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Imaging Unit

Nowadays, the elucidation of molecular and biochemical processes requires its combination with investigation of cells – their physiological properties, their structure, the organelles they contain, interactions with their environment, their life cycle, division and death. For centuries, progress in biological research has been connected to the development of tools and equipment that allow new insights into living matter. The invention of and improvements in optical systems were very important because exceeding the limits of the optical resolution of the human eye delivered new insights into tissues, cells and subcellular compartments on the one hand and cellular processes on the other.

The Imaging Unit of the IPB aims to support all research groups in their use of cell biological methods. Currently, at least 13 research groups of the institute are using this unit.

The unit provides:

  • Coordinated supervision and maintenance of equipment
  • Optimal training of coworkers
  • Maximal use of IPB investments
  • Updating of equipment according to state-of-the-art and to requirements of actual research

The working principle of this unit is:

  • Unit headed by one scientist (Prof. Dr. Bettina Hause) and supported by one technician (Hagen Stellmach)
  • Equipment is located decentralized, but its maintenance is carried out centralized
  • For all cell biological methods advice, training and help is provided, extensive experiments, however, have to be done by the co-workers themselves

Devices and materials:

 

Microscopes:

Several stereo microscopes
(Zeiss and Nikon)

Multipurpose MacroMicroSystem equipped with epi-fluorescence: AZ100 (Nikon) with camera (one in each Dept. MSV and SEB)

Lightsheet Microscope
 

Lightsheet Z1 (Zeiss)                                                                                                                                               

Epi-fluorescence microscopes

Axioplan 2 (Zeiss) with differential interference contrast (DIC) device and ApoTome to obtain optical sections, with two cameras (AxioCam MRm and AxioCam MRc5)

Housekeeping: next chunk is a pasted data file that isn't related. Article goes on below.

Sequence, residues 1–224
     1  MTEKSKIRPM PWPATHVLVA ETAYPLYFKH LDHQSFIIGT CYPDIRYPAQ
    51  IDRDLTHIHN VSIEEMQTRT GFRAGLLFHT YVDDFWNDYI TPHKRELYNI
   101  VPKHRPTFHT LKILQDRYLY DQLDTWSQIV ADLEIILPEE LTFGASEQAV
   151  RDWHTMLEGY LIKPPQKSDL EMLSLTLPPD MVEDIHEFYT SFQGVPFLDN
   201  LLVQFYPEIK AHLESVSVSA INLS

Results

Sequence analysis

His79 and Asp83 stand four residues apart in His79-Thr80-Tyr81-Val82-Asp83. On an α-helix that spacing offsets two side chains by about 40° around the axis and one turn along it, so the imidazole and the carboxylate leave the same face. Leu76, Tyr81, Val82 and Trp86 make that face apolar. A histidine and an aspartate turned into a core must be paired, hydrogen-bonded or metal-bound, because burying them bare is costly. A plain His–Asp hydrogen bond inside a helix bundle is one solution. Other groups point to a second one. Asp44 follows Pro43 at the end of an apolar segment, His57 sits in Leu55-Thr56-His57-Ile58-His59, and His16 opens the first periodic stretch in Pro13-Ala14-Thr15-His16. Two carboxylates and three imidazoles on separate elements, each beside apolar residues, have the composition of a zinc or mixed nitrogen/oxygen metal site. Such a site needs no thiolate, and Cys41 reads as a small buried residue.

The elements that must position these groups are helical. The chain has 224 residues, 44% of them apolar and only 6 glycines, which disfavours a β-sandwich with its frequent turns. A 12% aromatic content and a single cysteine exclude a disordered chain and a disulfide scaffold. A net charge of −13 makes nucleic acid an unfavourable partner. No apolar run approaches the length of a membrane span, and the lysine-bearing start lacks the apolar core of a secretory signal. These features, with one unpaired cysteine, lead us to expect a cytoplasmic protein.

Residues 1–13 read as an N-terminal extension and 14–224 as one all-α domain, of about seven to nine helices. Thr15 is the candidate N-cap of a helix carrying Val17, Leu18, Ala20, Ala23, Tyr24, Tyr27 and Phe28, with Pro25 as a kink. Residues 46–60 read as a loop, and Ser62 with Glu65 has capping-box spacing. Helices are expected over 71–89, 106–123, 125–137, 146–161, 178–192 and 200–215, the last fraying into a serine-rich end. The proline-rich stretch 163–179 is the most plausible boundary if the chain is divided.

AxioImager (Zeiss) with differential interference contrast (DIC) device and ApoTome to obtain optical sections, with two cameras (AxioCam MRm and AxioCam MRc5)

Confocal Laser Scanning Microscope

LSM780 (Zeiss) with Airyscan

LSM700 (Zeiss)


Microtomes

Rotary microtomes to perform semi-thin sections (Microm und Leica)

Vibrating microtome (Vibratome VT1000S, Leica) (Dept. SZB)

Cryo-Microtom CM1950 (Leica)                                                                      

Miscellaneous

InsituPro VSi (Intavis) for automated in situ detection (Dept. SZB)

Micromanipulator (Eppendorf)

Laser Capture Microdissection                                                                    

More devices

  • Organelle-marker: Vectors and transgenic lines of Arabidopsis (Nelson et al., 2007)
  • Wave-marker: Vectors and transgenic lines of Arabidopsis (Geldner et al., 2009)









Methods established:

  • Fixiation, embedding and sectioning of plant materials
  • Laser-Micro-Dissection
  • Immuno labelling
  • in situ-hybridisation
  • light microscopy including fluorescence microscopy
  • confocal laser scanning microscopy
  • Determination of protein interactions via FRET and BiFC (Split-YFP)

Publications by Tag: Cell Biology

Displaying results 1 to 1 of 1.

Publications

Stenzel, I.; Otto, M.; Delker, C.; Kirmse, N.; Schmidt, D.; Miersch, O.; Hause, B.; Wasternack, C. ALLENE OXIDE CYCLASE (AOC) gene family members of Arabidopsis thaliana: tissue- and organ-specific promoter activities and in vivo heteromerization J Exp Bot 63, 6125-6138, (2012) DOI: 10.1093/jxb/ers261

Jasmonates are important signals in plant stress responses and plant development. An essential step in the biosynthesis of jasmonic acid (JA) is catalysed by ALLENE OXIDE CYCLASE (AOC) which establishes the naturally occurring enantiomeric structure of jasmonates. In Arabidopsis thaliana, four genes encode four functional AOC polypeptides (AOC1, AOC2, AOC3, and AOC4) raising the question of functional redundancy or diversification. Analysis of transcript accumulation revealed an organ-specific expression pattern, whereas detailed inspection of transgenic lines expressing the GUS reporter gene under the control of individual AOC promoters showed partially redundant promoter activities during development: (i) In fully developed leaves, promoter activities of AOC1, AOC2, and AOC3 appeared throughout all leaf tissue, but AOC4 promoter activity was vascular bundle-specific; (ii) only AOC3 and AOC4 showed promoter activities in roots; and (iii) partially specific promoter activities were found for AOC1 and AOC4 in flower development. In situ hybridization of flower stalks confirmed the GUS activity data. Characterization of single and double AOC loss-of-function mutants further corroborates the hypothesis of functional redundancies among individual AOCs due to a lack of phenotypes indicative of JA deficiency (e.g. male sterility). To elucidate whether redundant AOC expression might contribute to regulation on AOC activity level, protein interaction studies using bimolecular fluorescence complementation (BiFC) were performed and showed that all AOCs can interact among each other. The data suggest a putative regulatory mechanism of temporal and spatial fine-tuning in JA formation by differential expression and via possible heteromerization of the four AOCs.

This page was last modified on 14.11.2018.

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